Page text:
Going back to the spring, I started warning the General Assembly; we sent many numbers of letters, month after month, warning that we were going to be faced with an unprecedented situation where very early in the year the cash position in the general fund is going to go negative and I outlined what that looked like.
My chief concern is that my obligation constitutionally is that I am in charge of safeguarding the investments that represent people’s taxes.
The question I faced on September 15th was, after months of warning, whether we should use those investments to lend the state money in a way that would let it avoid finishing the budget work; which is not the purpose of the investment funds that I’m entrusted with.
It’s reasonable for us to say “it’s a prudent investment if expenses balance revenues we can make a short-term loan.” But the question is whether it’s a prudent investment to lend to an entity where they literally can’t explain how they could repay it, because they have a 2.2-billion-dollar gap.
The answer to that question, in my view and the view of every expert I talk with, is no.
Furthermore there is the larger question of the precedent. As far as I know, no treasurer has ever lent that kind of money when there is not a balanced budget.
The question is by making these loans, are we facilitating long-term good decision making or we’re just facilitating covering up and avoiding responsibility. I got an obligation to be a prudent investor of the money, and it’s unfortunate if it makes people angry.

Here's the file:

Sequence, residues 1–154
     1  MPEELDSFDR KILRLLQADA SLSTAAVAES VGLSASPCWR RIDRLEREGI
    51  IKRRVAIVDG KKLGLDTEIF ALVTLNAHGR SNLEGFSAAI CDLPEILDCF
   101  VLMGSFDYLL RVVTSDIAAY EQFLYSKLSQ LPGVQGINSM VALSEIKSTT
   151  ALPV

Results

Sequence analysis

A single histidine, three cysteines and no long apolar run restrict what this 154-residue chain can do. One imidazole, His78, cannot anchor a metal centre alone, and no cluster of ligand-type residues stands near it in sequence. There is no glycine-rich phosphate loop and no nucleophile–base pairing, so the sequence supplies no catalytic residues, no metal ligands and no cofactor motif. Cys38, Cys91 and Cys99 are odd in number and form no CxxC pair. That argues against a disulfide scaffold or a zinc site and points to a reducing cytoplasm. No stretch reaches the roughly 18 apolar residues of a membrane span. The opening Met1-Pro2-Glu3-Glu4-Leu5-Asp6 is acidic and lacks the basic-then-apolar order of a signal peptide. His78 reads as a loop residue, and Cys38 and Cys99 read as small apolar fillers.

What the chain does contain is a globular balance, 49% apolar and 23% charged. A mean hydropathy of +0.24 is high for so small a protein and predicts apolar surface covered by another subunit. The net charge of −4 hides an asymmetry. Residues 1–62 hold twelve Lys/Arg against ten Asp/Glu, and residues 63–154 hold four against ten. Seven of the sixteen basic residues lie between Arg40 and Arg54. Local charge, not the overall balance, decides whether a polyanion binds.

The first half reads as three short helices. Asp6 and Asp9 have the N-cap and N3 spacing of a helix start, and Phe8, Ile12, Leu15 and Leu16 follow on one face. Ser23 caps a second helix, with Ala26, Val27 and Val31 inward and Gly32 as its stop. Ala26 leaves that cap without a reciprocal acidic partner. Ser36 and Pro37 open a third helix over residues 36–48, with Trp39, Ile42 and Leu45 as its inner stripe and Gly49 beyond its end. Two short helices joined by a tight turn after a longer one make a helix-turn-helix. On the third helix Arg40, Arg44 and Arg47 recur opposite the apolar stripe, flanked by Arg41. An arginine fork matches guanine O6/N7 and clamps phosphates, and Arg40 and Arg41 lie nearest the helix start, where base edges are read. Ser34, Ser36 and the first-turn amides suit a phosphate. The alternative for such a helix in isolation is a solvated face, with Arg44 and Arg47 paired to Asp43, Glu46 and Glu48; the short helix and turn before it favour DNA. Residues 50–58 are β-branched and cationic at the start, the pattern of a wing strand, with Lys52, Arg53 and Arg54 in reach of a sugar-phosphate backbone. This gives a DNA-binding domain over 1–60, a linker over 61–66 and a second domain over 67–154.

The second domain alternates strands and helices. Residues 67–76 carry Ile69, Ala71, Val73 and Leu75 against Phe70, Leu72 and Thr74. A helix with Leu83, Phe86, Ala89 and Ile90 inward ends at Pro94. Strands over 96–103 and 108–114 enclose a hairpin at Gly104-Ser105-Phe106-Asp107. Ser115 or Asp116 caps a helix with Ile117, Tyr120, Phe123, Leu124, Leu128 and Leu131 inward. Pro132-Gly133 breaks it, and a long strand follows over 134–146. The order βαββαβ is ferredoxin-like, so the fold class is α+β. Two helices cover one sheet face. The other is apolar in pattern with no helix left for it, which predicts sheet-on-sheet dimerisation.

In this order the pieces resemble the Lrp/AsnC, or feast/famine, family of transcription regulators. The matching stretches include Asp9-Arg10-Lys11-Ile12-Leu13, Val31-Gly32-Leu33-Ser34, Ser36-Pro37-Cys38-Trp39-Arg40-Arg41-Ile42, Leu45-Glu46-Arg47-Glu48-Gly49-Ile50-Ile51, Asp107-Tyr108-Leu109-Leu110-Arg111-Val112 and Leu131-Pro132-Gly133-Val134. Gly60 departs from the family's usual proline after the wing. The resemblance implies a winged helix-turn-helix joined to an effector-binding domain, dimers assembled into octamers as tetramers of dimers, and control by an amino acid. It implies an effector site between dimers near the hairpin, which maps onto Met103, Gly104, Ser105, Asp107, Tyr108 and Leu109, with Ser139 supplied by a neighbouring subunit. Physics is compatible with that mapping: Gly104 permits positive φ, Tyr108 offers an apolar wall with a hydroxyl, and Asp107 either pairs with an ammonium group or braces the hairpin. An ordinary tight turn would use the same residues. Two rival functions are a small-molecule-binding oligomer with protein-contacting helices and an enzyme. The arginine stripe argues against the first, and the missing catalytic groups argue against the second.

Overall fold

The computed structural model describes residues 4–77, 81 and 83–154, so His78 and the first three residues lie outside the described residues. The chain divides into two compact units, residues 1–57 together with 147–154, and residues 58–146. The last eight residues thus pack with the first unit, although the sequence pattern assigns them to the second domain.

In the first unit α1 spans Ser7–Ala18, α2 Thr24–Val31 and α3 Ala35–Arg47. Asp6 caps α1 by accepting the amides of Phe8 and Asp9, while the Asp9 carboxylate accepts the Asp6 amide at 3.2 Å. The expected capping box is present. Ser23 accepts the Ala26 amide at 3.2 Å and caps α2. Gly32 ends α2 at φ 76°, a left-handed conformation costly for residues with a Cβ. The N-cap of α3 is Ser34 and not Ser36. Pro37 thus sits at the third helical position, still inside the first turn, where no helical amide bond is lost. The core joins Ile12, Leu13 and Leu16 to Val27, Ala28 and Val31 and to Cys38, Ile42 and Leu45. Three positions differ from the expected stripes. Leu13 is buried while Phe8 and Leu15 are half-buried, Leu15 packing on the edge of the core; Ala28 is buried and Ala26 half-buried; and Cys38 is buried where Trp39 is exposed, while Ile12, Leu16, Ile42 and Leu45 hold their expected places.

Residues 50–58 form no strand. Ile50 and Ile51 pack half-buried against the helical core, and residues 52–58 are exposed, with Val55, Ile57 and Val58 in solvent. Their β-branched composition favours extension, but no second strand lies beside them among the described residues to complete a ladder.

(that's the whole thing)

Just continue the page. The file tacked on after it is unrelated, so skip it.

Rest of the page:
By the way, what I hear outside of Harrisburg is that people think I am doing the right thing.
Yes, I think there is a need to light an alarm. On the downgrade, the way that I would explain it is simple: that’s a backdoor tax on Pennsylvanians, they’re not going to see it on the tax bill but the cost of the downgrade is about 53 million dollars. So what’s happened is that the credit downgrade has imposed a hidden tax on the long-term borrowing that we need to do.
Again, there is nothing wrong with borrowing when you’re doing it to build infrastructure, invest in human capital or create opportunities... when borrowing is trouble is when you’re doing it to pay the light bill.
Number two: I think most people do understand kind of reputation and bragging rights here which is in the next time you go to a family reunion with family members of all 50 states, you’re among the four states with the worst credit reputations. That affects decisions about who is coming to Pennsylvania and whether we are going to attract the kind of investment we need to have.
I want to be careful here, I don’t want to burn the bridge, but Legislature has a constitutional job to pass balanced budgets, to agree on some expenses and now they have to grow revenues and they were supposed to have done it by July 1st.
Must people understand that when that is not happening, something is not right, and we’re going to feel it in our lives.
One more thing. I think that people should also understand that for every story that they read coming out of Harrisburg about our ongoing delay on the budget, that is one more day when we didn’t talk about what are we doing to make higher education more affordable, how we are going to build a more prosperous future.